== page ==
greygirlbeast
Mar. 15th, 2010 05:10 pm (UTC)

You talked about Red Riding Hood!

Often, I do. It's a story revisited time and again in my novels and short fiction.
captaincurt81
Mar. 15th, 2010 05:10 pm (UTC)
The 'bleeding building' photo is subtly creepy. It's good to hear the novel is beginning to reveal some of it's secrets, it's anatomy, to you.
greygirlbeast
Mar. 15th, 2010 05:11 pm (UTC)

The 'bleeding building' photo is subtly creepy.

It was even creepier in person.
sfmarty
Mar. 15th, 2010 05:36 pm (UTC)
I have been waiting for the book. Fell in love with your title right away.

Wolf who Cried Girl.. yessss.


The buildings are wonderful.
greygirlbeast
Mar. 15th, 2010 05:40 pm (UTC)

I have been waiting for the book.

If there are no other setbacks, it should be out in the first quarter of 2011.
jplangan
Mar. 15th, 2010 05:37 pm (UTC)
This sounds wonderful--very much looking forward to it!
fusijui
Mar. 15th, 2010 06:15 pm (UTC)
Congrats on the level-up :)

'Indestructible pearls' has a great ring to it -- a Gnostic sweatshop hucksterish kind of vibe.

Oh, for a sunny, hot, summer day.

!! You really are our generation's foremost writer of weird fiction.... ;P
greygirlbeast
Mar. 15th, 2010 06:16 pm (UTC)

You really are our generation's foremost writer of weird fiction....

A rainy day every now and again is fine. This, however, is grinding me down...and there wasn't much to grind to begin with.

Besides, fuck the stereotypes.
fusijui
Mar. 15th, 2010 09:24 pm (UTC)
Sorry; that was badly phrased -- didn't mean to suggest you were or weren't living up to a stereotype, just re-airing my sense of unease with sunshine and heat.
gargirl
Mar. 15th, 2010 06:18 pm (UTC)
I love the bleeding building, it looks so scraped raw and painful.

Your ideas for the next novel sound wonderful, I already feel the anticipation.
juushika
Mar. 15th, 2010 07:20 pm (UTC)
The snippets of your creative process have been fascinating, this update even more than most. It's good news, it's outright interesting to see the novel mutate in these fetal stages, and as much as I love your novels with intricate plots The Red Tree is still haunting me—it was hardly a simple novel but the comparably sparse plot opened up so much room for thematic freedom, for rich imagery...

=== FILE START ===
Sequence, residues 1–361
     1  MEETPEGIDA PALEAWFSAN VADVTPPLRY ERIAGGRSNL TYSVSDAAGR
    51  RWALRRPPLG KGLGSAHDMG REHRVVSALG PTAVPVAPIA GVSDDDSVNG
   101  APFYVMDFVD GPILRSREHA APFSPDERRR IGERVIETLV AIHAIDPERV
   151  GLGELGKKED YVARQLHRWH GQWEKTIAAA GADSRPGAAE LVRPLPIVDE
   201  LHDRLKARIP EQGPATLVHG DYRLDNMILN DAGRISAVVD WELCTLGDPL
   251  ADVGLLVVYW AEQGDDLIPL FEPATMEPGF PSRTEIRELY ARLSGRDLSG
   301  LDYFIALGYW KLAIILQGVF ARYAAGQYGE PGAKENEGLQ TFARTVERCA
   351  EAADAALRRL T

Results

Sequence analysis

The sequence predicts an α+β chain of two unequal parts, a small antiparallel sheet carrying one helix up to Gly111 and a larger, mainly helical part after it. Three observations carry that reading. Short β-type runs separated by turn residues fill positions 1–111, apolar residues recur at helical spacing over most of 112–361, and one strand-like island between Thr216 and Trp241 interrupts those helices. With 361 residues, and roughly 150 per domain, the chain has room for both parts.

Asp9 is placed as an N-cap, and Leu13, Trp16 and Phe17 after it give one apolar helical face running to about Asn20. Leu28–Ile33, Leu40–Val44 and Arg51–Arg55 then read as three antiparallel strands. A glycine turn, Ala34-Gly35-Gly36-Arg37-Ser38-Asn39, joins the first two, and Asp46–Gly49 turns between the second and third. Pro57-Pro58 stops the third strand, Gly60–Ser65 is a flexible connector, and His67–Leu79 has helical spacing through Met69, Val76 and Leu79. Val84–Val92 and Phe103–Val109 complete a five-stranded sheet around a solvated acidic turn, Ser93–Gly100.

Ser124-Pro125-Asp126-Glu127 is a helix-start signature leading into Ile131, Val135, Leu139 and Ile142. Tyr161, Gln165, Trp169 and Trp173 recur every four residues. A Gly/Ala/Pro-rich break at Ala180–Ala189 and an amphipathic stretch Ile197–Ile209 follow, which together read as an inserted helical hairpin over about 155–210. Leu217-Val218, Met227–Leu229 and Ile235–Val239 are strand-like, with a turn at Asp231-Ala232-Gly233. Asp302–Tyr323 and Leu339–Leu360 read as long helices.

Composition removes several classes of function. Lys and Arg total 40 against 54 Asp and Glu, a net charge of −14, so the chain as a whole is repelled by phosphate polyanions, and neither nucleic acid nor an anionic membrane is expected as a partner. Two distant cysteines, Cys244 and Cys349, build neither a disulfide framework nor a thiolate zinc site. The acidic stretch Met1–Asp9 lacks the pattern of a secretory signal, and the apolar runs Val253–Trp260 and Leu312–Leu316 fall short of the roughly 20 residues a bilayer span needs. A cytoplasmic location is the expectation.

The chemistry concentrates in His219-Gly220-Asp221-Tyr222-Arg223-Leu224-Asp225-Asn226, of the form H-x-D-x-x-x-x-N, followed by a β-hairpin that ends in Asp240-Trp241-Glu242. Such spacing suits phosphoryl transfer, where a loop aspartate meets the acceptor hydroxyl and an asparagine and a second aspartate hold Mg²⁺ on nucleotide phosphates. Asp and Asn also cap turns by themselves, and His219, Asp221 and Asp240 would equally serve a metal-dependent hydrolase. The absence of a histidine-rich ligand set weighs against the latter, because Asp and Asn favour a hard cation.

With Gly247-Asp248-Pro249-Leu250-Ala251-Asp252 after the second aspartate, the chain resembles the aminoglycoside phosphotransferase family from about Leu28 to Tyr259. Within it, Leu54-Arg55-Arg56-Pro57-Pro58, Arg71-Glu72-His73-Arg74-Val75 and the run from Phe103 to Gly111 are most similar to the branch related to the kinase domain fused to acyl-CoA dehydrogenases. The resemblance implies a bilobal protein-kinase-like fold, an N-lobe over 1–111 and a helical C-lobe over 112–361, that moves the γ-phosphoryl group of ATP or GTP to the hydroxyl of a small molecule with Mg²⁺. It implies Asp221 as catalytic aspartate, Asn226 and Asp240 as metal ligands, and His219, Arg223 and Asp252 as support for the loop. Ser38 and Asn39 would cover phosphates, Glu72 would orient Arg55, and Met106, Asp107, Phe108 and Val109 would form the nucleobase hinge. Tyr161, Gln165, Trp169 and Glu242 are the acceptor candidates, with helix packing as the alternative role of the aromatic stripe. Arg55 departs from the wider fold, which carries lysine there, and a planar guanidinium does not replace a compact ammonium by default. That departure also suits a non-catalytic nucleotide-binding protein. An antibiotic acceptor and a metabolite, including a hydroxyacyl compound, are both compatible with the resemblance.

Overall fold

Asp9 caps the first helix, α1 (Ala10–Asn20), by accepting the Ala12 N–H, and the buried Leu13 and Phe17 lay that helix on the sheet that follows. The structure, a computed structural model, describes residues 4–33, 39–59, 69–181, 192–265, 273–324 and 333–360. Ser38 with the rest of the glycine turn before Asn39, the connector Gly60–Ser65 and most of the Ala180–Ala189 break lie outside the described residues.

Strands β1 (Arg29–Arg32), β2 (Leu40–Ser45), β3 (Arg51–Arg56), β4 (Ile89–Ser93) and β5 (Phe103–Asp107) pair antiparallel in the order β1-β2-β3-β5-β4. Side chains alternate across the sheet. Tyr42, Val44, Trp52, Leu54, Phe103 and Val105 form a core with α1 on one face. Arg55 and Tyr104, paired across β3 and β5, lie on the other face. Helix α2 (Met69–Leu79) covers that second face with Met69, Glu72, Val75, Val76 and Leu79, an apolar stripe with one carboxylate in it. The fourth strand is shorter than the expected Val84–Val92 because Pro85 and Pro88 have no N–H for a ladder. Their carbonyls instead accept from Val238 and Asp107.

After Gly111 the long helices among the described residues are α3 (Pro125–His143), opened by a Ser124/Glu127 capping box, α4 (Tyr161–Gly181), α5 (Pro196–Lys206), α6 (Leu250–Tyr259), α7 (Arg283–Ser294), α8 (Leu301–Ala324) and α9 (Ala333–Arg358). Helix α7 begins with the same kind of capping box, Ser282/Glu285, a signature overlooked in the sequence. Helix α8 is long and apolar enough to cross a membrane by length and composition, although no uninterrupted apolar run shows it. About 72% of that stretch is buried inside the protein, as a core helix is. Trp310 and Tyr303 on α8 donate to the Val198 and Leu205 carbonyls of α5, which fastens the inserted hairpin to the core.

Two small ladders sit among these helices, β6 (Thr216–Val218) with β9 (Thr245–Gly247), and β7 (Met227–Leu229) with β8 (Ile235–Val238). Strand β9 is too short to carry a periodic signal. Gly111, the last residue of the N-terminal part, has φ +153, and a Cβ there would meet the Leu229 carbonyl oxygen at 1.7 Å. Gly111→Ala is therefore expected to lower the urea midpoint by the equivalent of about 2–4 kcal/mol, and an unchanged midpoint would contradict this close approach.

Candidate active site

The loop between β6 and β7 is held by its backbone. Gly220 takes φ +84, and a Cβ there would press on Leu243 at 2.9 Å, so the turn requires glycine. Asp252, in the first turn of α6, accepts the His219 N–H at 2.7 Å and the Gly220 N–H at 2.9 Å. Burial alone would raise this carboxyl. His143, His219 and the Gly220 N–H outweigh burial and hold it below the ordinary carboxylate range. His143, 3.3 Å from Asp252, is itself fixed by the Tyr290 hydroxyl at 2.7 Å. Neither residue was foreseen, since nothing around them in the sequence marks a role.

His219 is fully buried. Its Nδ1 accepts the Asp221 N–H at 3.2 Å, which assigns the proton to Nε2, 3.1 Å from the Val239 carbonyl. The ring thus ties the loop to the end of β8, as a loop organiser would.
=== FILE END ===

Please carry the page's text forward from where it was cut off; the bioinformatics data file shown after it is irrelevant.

I can't get it out of my head and I would love to see you do something similar in your next novel.
greygirlbeast
Mar. 15th, 2010 07:37 pm (UTC)

Nice icon.

as much as I love your novels with intricate plots The Red Tree is still haunting me—it was hardly a simple novel but the comparably sparse plot opened up so much room for thematic freedom, for rich imagery...

Truthfully, I've never had much interest in plot. And I've never though I was very good at plot. It's something that I'm consciously trying to move away from (aware this may put me at odds with the expectations of most contemporary genre readers).

I can't get it out of my head and I would love to see you do something similar in your next novel.
amethyst_clan
Mar. 15th, 2010 11:11 pm (UTC)
omg, I love the bleeding building. I can totally see that in one of the worlds I'm poking at.

I've kinda had my own revelation about some of my worlds that I've been poking at. If I can only get up the courage to actually sit down and write, I might actually get this damned 5 year long writer's block beaten down. I'm so excited!!
jessamyg
Mar. 16th, 2010 02:56 am (UTC)
Bleeding Buildings
I just love the photo's and look forward to the novel, though I haven't yet managed to even get a copy of The Red Tree over here in wet and windy Lancashire. It reminds me of a cross between the city of Durham and some of the dockland areas of Newcastle in the North East of England, where i'm originally from. Sort of makes me homesick. Wishing you luck with your writing and hope you have less trouble with your insomnia than I have with mine.
pisceanblue
Mar. 16th, 2010 04:17 am (UTC)
Very taken with the new direction for the novel, I hope it all begins to come forth as it should. And I love the Victory Pearl sign, there's something about it which seems very suited to your imagination.
monstermustdie
Mar. 17th, 2010 11:32 am (UTC)
On Birmingham...
I can see the visual connection with Birmingham, having spent many years of my adult life there. In fact, it was your detailed descriptions of places in B'ham that so impressed me in Low Red Moon, the first of your novels that I had read. I spent more than a few evenings at the original (upside down) Plaza, beneath the Western Supermarket just off Highland Avenue. Amazing how words can take you back to a place and time long forgotten, neh?

On a totally unrelated note, Éireann go Brách!
( 20 comments — Have your say! )